ANy proof to the contrary??? I don't need to explain, it's common knowledge a H61 with a i5-2500 and a GTX580 is going to throw the exact same framerates as a Z68 with a i5-2500 and a GTX580, why wouldn't it?

The main diff would be no sli/xfire support, some don't have 6gbps sata or usb3.0, no ssd caching and no cpu or integrated cpu graphics overclocking ability.
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January 5, 2012 5:49:50 PM

so these are the features which make the system faster and those two boards are lack of these features or if it for gaming then i recommend p67 chipset..
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January 5, 2012 5:50:30 PM

Nice comparison -> http://ark.intel.com/compare/52807,52806

The primary differences are: Price, SATA Ports, USB Ports, Intel RST aka RAID, and (sure there's an exception) number of DIMM Slots.

As stated, neither the H67 nor H61 OC, just allows for Intel's Turbo Boost even on the SB 'K'.
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Anonymous
January 5, 2012 6:00:48 PM

Umm I'll just go with an Asus H61 Board then since I won't be overclocking or needing the extra features, and i'll use the money saved to put into a better GPU.. Thanks everyone for all the helpful info, much appreciated.
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January 5, 2012 6:10:50 PM

december's $600 gaming pc:
http://www.tomshardware.com/reviews/core-i5-overclock-p...
compared to higher end builds:
http://www.tomshardware.com/reviews/core-i5-fx-6100-ove...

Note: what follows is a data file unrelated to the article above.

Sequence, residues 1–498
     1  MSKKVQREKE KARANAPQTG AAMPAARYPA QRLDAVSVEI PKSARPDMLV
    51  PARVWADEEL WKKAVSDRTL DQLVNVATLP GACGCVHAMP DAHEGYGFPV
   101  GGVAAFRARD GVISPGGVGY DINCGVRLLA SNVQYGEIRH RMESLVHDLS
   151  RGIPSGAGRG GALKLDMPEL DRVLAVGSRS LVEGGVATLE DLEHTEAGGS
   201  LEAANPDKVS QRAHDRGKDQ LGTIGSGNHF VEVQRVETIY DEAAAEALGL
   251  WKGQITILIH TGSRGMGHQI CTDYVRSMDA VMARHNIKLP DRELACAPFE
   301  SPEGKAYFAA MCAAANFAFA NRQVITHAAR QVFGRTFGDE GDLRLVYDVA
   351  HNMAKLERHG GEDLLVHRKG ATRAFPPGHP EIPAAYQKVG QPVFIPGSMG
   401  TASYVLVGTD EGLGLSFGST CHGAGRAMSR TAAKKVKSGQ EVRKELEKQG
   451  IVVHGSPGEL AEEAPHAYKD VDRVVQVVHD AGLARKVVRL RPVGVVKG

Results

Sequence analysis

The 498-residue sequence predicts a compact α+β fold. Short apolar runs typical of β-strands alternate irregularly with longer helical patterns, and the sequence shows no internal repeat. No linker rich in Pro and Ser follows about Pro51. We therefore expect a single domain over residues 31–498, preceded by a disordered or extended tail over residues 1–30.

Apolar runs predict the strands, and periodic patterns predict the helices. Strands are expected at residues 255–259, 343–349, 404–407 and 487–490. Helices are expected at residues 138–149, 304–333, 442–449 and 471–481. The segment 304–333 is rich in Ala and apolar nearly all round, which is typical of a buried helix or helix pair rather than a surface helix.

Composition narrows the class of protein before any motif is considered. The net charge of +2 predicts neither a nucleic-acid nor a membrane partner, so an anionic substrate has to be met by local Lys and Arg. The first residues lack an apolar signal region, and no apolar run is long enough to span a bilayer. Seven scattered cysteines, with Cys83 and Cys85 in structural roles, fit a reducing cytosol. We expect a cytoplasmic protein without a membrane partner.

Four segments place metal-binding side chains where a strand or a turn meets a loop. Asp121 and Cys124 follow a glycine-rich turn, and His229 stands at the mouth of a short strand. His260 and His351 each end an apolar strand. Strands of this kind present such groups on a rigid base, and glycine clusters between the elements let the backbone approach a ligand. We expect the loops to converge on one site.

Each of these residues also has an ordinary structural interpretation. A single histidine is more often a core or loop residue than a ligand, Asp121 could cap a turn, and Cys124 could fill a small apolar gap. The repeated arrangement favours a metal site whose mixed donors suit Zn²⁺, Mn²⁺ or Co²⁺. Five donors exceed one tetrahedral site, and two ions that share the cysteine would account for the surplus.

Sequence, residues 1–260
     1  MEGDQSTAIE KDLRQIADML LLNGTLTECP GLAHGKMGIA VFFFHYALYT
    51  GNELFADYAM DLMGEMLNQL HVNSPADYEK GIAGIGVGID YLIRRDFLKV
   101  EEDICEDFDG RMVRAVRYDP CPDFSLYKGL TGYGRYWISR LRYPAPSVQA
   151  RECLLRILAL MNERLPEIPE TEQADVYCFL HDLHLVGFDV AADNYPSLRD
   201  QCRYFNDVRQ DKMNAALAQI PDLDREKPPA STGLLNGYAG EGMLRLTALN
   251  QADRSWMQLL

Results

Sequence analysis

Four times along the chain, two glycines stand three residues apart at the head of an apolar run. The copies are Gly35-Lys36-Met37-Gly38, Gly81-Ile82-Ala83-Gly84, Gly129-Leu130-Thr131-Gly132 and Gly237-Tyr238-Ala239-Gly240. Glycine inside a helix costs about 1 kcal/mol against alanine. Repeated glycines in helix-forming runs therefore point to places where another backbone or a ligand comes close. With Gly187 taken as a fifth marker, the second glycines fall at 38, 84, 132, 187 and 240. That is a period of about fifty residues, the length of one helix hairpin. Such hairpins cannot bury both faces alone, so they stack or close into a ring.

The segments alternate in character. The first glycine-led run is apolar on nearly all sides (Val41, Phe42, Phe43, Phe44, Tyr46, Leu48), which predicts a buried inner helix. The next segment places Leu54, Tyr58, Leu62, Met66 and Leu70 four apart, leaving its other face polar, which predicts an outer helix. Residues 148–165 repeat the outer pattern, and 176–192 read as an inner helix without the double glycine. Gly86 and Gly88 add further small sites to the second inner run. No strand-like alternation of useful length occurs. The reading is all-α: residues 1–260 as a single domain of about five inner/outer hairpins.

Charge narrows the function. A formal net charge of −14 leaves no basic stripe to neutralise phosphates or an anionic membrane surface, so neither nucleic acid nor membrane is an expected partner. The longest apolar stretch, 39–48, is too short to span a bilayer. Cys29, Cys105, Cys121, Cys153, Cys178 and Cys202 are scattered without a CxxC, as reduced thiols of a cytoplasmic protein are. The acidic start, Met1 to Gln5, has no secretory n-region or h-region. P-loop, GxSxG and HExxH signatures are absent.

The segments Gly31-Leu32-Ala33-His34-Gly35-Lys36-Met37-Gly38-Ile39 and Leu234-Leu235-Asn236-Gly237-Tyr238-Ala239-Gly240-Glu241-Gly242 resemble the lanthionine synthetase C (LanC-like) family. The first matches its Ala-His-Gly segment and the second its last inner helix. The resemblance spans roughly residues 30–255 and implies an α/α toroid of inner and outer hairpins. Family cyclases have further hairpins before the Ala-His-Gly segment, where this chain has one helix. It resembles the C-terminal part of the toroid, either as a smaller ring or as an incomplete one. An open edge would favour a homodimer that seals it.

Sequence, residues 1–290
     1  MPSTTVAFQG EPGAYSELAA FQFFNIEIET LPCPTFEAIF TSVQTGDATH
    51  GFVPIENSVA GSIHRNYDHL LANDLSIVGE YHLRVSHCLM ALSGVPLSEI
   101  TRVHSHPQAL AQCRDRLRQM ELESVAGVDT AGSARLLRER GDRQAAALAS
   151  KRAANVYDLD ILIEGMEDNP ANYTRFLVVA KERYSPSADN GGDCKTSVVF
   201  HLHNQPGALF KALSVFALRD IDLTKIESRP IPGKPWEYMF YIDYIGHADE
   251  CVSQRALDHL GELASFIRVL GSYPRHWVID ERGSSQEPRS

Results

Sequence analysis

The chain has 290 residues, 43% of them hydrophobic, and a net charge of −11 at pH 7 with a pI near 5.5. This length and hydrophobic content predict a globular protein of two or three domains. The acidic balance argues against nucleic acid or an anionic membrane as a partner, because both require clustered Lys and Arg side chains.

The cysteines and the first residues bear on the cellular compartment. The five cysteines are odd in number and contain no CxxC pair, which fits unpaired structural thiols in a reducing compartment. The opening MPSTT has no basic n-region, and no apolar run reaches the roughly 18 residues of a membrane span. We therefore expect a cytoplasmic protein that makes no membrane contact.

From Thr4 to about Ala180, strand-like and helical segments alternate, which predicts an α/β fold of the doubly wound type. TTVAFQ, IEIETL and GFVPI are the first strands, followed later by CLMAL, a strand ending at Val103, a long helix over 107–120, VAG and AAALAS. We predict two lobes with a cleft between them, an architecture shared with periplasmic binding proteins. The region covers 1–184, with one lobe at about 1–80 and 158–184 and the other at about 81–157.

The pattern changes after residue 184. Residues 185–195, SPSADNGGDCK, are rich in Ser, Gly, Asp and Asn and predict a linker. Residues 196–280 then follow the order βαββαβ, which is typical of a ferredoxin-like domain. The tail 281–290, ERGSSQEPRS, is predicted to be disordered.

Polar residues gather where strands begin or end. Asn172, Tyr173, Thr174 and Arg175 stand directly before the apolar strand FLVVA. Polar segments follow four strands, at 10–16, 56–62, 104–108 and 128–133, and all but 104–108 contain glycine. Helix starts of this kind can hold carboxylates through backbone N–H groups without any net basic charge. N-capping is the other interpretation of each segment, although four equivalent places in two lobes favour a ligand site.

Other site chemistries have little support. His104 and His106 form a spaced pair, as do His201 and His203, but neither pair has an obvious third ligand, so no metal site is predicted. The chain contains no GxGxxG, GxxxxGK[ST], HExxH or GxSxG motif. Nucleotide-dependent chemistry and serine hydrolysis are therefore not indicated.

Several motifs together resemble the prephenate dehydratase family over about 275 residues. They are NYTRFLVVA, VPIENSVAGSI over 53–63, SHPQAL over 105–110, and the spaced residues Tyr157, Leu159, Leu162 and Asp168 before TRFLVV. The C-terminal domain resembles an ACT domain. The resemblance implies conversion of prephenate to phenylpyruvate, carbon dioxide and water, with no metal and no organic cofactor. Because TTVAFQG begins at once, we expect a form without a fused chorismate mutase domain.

the $600 pc uses a core i5 2400 with an h61 motherboard. it performed very well.
btw, you can overclock a core i5 2500 non k. it is partially unlocked, so you can oc it a few hundred mhz over it's base clockspeed. a z68 motherboard is recommended for oc (among other advantages that might come in handy later). you can even set maximum single core turbo with a z68 motherboard. if you want to get one on budget, you can cut cost by getting a micro atx motherboard with 2 ram slots.
h61, h67, z68 all of them allow use of at least a single discreet gfx card. compared to h67 and z68, h61'a biggest limitation is 2 ram slots and less ports compared to the other two.
for a pure gaming machine, an h61 motherboard would be fine.
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January 5, 2012 8:00:02 PM

xtreme5 said:
so these are the features which make the system faster and those two boards are lack of these features or if it for gaming then i recommend p67 chipset..


Umm...no they don't, and even if he wanted and enthusiest board will all the gimmicks, I certainly wouldn't recommned P67, I would recommend Z68.
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January 5, 2012 8:13:45 PM

P67 vs Z68 - SATA and USB speeds -> http://www.anandtech.com/show/4330/asus-p8z68v-review/5 the upside to Z68 is Intel RST (SSD Caching) and Quick Sync that's about it. Some benches have illustrated a slight frame rate (FPS) loss on the Z68.

There are great examples of both the P67 and Z68, P67 unfortunately got the B2 bug so folks feel 'safer' on the Z68. For OC'ing I'm pretty picky about either P67 or Z68. However, in reality few folks actually OC so it really doesn't matter. I do agree with overt 'doodad' MOBO's; less is often more -- so port/components unused I recommend in the BIOS they're disabled to reduce 'shared' bottlenecks.
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January 5, 2012 8:33:48 PM

SSD caching, Quick sync, but you forgot about the ability to use your cpu's graphics core.

The ability to use the integrated graphics on your cpu is great, it comes in handy for troubleshooting video card issues and you can use it if your video card fails while your waiting for a rma.
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January 5, 2012 9:09:26 PM

Yep, you're right IF you don't have a discrete GPU. The e.g. IntelĀ® HD Graphics 2000 or 3000 is perfectly fine for anything 2D.

I can tell if I blow a GPU, but sure it's a back-up :)